Number of Syphilis Cases in United States Rose 12% in 2002; Second Year of Increase, CDC Report Says
The number of syphilis cases reported in the United States increased more than 12% from 2001 to 2002, marking the second straight year of an increase in the number of cases, according to CDC statistics published in the Nov. 21 issue of the agency's Morbidity and Mortality Weekly Report, the Washington Post reports (Stein, Washington Post, 11/21). CDC researchers analyzed national surveillance data reported to health departments for 2002 to look for the epidemiological trends of primary and secondary syphilis. Reported case data included patients' sex, stage of disease, race/ethnicity and age (CDC, MMWR, 11/21). The researchers found that the number of reported primary and secondary syphilis cases increased 12.4% from 6,103 cases in 2001 to 6,862 cases in 2002, the Post reports (Washington Post, 11/21). According to the CDC, the number of syphilis cases among men nationwide increased 27.4% between 2001 and 2002, with an 85.2% increase among cases in non-Hispanic white men -- the largest increase of any demographic, the Atlanta Journal-Constitution reports. The number of cases among Hispanic men increased 35.6% during the same period, according to the Journal-Constitution (Guthrie, Atlanta Journal-Constitution, 11/21). According to the report, the number of cases among African-American men dropped 2.6%, but black men maintained the highest syphilis incidence compared with other demographic groups, the Wall Street Journal reports. The incidence of syphilis among black men was 13.5 cases per 100,000 population, compared with 4.5 cases per 100,000 population among Hispanic men and 2.2 cases per 100,000 population for non-Hispanic white men, according to the Journal.
The number of syphilis cases among all women in the United States fell 19% between 2001 and 2002, and the drop was even greater -- 22% -- among African-American women, according to the report (Chase/Mckay, Wall Street Journal, 11/21). Although the CDC does not break down the data according to sexual orientation, officials estimate that more than 40% of the syphilis cases occurred among men who have sex with men, the Post reports. According to the report, San Francisco in 2002 had a higher syphilis rate than any other U.S. city, with 40.6 cases per 100,000 population, a 126.6% increase over the previous year, according to the Post. In addition, New York City had the most reported cases of syphilis with 435 in 2002, followed by Detroit, Los Angeles and Chicago (Washington Post, 11/21). By state, Georgia ranked highest with 439 reported syphilis cases in 2002 and an incidence of 5.4 cases per 100,000 population, followed by Michigan, Maryland, Florida and Illinois, according to the Journal-Constitution.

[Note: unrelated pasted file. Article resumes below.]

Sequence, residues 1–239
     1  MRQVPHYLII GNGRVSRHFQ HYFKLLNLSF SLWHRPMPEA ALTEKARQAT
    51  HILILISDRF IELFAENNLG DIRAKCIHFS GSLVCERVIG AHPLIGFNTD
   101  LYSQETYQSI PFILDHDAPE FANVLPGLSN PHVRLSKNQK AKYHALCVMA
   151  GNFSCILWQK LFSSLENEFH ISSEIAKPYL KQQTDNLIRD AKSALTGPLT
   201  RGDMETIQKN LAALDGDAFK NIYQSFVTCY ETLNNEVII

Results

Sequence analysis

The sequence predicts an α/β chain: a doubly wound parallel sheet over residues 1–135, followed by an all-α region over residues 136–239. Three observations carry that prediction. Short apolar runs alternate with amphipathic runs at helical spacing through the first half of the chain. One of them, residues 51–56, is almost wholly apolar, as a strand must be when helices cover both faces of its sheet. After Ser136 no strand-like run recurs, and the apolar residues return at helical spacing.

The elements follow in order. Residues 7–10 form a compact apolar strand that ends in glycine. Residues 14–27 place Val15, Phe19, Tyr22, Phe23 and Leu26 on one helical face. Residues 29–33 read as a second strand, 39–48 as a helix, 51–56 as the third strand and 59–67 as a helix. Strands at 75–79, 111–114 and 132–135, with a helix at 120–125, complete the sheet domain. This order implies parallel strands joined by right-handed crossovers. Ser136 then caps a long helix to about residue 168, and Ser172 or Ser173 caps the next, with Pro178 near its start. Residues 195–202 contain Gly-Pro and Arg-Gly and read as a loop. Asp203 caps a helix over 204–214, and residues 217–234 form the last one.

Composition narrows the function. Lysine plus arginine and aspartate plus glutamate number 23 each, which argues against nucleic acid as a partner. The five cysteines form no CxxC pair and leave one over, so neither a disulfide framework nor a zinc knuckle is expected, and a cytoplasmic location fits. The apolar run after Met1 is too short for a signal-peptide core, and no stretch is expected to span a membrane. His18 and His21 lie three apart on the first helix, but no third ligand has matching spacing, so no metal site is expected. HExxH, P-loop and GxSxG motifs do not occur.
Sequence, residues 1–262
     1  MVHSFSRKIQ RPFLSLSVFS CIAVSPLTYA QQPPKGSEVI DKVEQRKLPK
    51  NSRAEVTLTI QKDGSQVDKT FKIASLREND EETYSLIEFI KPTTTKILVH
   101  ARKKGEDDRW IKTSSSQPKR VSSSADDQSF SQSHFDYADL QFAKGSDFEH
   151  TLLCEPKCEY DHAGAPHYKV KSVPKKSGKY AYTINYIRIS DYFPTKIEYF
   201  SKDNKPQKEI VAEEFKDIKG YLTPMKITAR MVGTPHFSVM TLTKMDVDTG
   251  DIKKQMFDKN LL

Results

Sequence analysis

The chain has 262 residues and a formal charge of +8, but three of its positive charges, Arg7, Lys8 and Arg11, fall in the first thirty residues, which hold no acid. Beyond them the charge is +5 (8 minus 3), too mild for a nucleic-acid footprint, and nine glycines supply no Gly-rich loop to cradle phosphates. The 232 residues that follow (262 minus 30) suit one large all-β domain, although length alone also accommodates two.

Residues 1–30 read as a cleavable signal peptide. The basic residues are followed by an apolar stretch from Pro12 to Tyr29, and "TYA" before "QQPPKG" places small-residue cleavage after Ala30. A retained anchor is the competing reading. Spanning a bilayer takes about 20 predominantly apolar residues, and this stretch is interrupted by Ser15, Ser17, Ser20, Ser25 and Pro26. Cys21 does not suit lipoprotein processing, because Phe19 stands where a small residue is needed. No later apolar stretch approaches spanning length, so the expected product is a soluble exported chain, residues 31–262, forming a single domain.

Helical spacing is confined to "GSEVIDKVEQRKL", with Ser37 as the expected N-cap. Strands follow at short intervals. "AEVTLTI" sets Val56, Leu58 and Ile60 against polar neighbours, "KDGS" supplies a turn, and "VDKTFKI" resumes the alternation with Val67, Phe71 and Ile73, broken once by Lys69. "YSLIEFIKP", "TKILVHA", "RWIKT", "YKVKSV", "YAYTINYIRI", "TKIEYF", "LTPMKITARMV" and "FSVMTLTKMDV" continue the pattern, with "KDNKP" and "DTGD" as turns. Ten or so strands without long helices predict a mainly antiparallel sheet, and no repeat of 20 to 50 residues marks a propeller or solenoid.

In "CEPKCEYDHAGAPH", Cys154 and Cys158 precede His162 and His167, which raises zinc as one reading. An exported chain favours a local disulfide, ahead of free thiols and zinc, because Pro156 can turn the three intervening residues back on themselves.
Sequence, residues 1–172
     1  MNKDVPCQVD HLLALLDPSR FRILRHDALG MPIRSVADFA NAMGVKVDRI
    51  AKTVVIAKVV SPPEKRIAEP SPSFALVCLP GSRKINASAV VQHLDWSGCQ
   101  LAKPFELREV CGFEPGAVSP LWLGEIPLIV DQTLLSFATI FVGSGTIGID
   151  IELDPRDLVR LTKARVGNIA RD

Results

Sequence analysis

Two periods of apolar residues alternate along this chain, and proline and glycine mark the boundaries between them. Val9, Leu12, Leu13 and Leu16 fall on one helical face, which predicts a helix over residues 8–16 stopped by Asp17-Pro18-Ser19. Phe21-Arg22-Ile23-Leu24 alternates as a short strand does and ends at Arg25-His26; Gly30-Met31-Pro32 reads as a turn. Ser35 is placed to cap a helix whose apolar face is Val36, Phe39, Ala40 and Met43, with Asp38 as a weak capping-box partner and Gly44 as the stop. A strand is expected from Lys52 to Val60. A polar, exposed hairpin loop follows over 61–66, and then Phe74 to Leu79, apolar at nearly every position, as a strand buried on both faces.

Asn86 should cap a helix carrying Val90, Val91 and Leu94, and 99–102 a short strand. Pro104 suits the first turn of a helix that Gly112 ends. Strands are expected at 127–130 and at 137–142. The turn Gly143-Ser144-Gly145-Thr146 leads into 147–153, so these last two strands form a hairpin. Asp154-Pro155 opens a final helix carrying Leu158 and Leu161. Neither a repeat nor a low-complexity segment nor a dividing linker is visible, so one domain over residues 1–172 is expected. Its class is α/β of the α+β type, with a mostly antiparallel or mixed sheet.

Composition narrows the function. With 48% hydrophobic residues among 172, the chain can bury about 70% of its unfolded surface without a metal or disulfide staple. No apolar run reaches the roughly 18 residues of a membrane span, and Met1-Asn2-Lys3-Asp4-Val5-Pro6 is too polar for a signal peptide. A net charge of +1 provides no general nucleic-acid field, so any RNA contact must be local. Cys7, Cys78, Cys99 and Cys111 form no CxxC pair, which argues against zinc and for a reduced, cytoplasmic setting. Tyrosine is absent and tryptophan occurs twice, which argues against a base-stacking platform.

Dr. Ronald Valdiserri, deputy director of the CDC's National Center for HIV, STD and TB Prevention, said, "The campaign against syphilis is now being waged on two fronts. We are working on one front to sustain the progress made among populations hardest hit by syphilis, including African Americans. On the second front, we're combating new challenges among gay and bisexual men" (Atlanta Journal-Constitution, 11/21). Valdiserri added, "We're dealing with issues of prevention burnout and skepticism" among MSM. CDC officials said that the increase in the number of syphilis cases is "raising alarms" about a possible increase in HIV cases, according to the Post. Valdiserri said, "We are extremely concerned about that possibility." Eric Ciasullo, board chair of the National Association of People With AIDS, said, "I hear far too often from folks living with HIV and AIDS that our doctors don't ask if we need STD testing. Since it can be hard for some of us to ask for this essential health care service, I think health care providers should ask us" (Washington Post, 11/21). AIDS Project Los Angeles Executive Director Craig Thompson said, "Nationally, now is not the time to get skittish about adopting creative responses targeting gay and bisexual men. We need to act assertively, not ideologically." He added, "There are no quick fixes, and the clear link between syphilis and HIV transmission demands our immediate attention and sustained action" (APLA release, 11/20). The CDC report "underscores the acute need for additional research to explore the factors that have led to this resurgence in syphilis," New York-based AIDS advocacy group Gay Men's Health Crisis said in a release. "It is imperative that the CDC empower local community-based organizations to stem the tide of new syphilis and HIV infections," GMHC Executive Director Ana Oliveira said, adding, "In order to be effective, prevention efforts need to be tailored to the specific populations at risk, particularly men who have sex with men and people of color" (GMHC release, 11/20).
The CDC on Thursday also released data from the "2002 Sexually Transmitted Disease Surveillance Report," according to a CDC release. The report, which includes data on gonorrhea and chlamydia cases in the United States, found that the national incidence of gonorrhea dropped 2.7% to 125 cases per 100,000 population, a rate lower than in the previous four years. The report also found that chlamydia remained the most commonly reported STD in the United States, with 834,555 cases reported in 2002 (CDC release, 11/20).